The short answer is...no. Online connections are soft connections, meaning usually the people I meet online are casual, passing connections. I'm not certain that any of my many online connections have bought my book. The best way to make sales is face to face. It's a lot harder for someone to turn you down when you are smiling into their face and telling them how great your novel is. I certainly haven't abandoned my social network, and I probably spend too much time cultivating it, but I use Crowdfire (which is a great platform) to curate content so I am constantly active on Twitter, LinkedIn, Facebook, and Instagram, but I don't have to remember to constantly post. I prefer Instagram over Twitter, and I cultivate contacts with large followings and ask them to retweet for me, but I'm not sure this kind of activity boosts sales. Once my book has been out for a month, I am going to start asking for readers to post reviews to Amazon and Goodreads, and also ask friends, sisters, cousins, and aunts to actively tell their friends about my book. Besides having a great book (which I do!), I believe word of mouth is the best way to generate sales. So I tell my customers. :) And my strategy is working so far. My sales have been slow but steady, with sales on Amazon every week so far. I realize my book could easily sink into a death spiral on Amazon's rankings. It both saddens and amazes me how few sales are required to break 100,000 on Amazon's best seller rankings.

Last edited @ Feb 19, 11:20AM EST.
Feb 11, 6:59PM EST1 Reply

How do you manage to have a balance between your work and your family, especially when you have children?

Feb 7, 7:10PM EST0 Reply

This is hard. :) Most of my time is devoted to teaching my children and running our household, but my husband helps me a lot. He sends me out to write whenever it's feasible, and some evenings I sneak in a couple hours while our daughter is at soccer practice. Occasionally, during a slow night at work, I manage to handwrite a few hundred words at the beginning and end of my shifts. I also carry a small notebook where ever I go, and I sometimes scribble some lines while waiting in line. I have also given up solitaire, and I devote any down time I have to marketing or writing...though my networking efforts chew up a lot of my time. But I'm hoping that once I establish a reader base, I will be able to dial back on my online time and spend more time writing.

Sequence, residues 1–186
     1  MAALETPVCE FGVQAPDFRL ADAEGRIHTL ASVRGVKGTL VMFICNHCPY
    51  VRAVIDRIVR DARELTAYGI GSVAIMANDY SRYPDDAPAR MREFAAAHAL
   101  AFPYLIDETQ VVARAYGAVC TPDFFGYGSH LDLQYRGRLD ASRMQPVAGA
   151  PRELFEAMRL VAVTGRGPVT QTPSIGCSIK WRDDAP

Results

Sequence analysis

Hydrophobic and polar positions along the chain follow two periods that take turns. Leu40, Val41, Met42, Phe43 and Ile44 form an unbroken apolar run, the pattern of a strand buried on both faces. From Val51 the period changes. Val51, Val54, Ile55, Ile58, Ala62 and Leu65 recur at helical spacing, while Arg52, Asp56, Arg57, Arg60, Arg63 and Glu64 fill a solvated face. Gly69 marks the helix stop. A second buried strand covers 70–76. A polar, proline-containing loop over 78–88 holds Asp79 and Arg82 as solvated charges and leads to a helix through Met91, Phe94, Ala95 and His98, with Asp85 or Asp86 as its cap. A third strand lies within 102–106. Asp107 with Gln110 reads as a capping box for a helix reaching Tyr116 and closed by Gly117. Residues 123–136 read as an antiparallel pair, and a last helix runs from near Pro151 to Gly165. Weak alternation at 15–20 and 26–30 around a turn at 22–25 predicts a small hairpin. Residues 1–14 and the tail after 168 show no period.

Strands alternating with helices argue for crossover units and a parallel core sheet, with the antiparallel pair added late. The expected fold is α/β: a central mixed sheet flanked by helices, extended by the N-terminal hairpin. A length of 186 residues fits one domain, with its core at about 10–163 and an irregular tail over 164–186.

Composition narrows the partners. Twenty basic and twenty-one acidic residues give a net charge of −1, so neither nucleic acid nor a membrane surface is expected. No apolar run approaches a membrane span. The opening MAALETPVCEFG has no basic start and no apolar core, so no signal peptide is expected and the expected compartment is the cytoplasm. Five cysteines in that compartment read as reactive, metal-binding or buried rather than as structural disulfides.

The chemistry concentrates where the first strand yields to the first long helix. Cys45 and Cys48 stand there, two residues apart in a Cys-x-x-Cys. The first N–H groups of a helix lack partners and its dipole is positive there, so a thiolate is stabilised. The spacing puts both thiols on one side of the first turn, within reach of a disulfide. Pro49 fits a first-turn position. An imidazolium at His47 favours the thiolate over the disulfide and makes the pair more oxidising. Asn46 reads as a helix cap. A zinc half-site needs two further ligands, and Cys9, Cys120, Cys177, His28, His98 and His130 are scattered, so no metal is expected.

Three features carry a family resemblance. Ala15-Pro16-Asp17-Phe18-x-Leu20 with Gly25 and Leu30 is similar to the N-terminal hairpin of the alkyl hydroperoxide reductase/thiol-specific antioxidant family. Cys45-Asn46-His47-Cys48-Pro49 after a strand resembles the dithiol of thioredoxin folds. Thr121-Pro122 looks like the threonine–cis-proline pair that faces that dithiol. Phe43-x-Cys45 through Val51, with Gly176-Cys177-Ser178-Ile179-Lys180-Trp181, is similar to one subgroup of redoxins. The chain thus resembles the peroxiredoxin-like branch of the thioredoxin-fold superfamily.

My husband is also my marketing manager. He's in charge of finding events for me to attend in our area and he keeps my calendar updated.

Feb 11, 6:49PM EST0 Reply

Where does your ‘Steph’ nickname comes from?

Feb 7, 5:26PM EST1 Reply

My nickname comes from my first name. It's long...ten letters. And I'm sure you can find it if you google me, but the first five letters are Tsiph. Say it quickly, and it comes out Steph. My personal peeve is when my customers (I'm also a waitress) call me Stephanie.  Surely not every Steph is short for Stephanie! : ) 

Feb 7, 6:40PM EST1 Reply

What are some good events to attend that can get someone in touch with the indie industry within your country?

Feb 7, 3:53PM EST1 Reply

Representatives from my publisher often attend 'Con' events in their area, such as DragonCon, ComicCon, etc. There are 'Con' events for almost every genre you can imagine. I know many authors attend these events, as well as the publishers who print their books. They can be a great place to network with other authors. If you are looking to find an agent, writers' conferences are great events to attend. There are always at least a couple agents in attendance, and they often give feedback in small group sessions. For myself, I am concentrating on library and school events, as well as writing and publishing workshops among teens and adults. In the right venue, a reading along with a meet and greet are great ways to interact with your audience as an author.

Last edited @ Feb 19, 11:18AM EST.
Feb 7, 6:53PM EST1 Reply

Which writer has had the most impact on your writing style?

Feb 7, 12:34PM EST1 Reply